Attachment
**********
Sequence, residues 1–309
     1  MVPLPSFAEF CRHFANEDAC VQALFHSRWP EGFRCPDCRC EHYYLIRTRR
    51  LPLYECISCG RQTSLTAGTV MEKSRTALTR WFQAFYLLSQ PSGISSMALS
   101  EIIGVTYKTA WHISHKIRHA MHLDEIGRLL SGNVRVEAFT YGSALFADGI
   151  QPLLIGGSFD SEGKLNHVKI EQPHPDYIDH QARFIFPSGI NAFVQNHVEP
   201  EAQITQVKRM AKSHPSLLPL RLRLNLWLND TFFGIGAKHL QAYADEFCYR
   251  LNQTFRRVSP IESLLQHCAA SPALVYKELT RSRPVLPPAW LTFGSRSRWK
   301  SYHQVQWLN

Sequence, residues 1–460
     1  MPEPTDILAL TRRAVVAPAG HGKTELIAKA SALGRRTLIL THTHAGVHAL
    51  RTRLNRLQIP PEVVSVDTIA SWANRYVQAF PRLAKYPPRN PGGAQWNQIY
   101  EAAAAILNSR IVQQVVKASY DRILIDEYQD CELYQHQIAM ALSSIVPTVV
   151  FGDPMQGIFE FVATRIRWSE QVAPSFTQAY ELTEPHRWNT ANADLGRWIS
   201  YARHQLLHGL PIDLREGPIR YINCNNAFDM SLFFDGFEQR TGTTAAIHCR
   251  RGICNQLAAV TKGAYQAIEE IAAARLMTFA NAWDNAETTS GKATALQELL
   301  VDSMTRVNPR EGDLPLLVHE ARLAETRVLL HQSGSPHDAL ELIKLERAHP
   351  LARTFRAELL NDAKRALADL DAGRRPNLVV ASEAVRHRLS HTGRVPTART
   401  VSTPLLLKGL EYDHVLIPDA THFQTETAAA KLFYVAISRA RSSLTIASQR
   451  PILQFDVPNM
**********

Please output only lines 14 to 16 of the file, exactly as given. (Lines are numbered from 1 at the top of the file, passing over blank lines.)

   201  YARHQLLHGL PIDLREGPIR YINCNNAFDM SLFFDGFEQR TGTTAAIHCR
   251  RGICNQLAAV TKGAYQAIEE IAAARLMTFA NAWDNAETTS GKATALQELL
   301  VDSMTRVNPR EGDLPLLVHE ARLAETRVLL HQSGSPHDAL ELIKLERAHP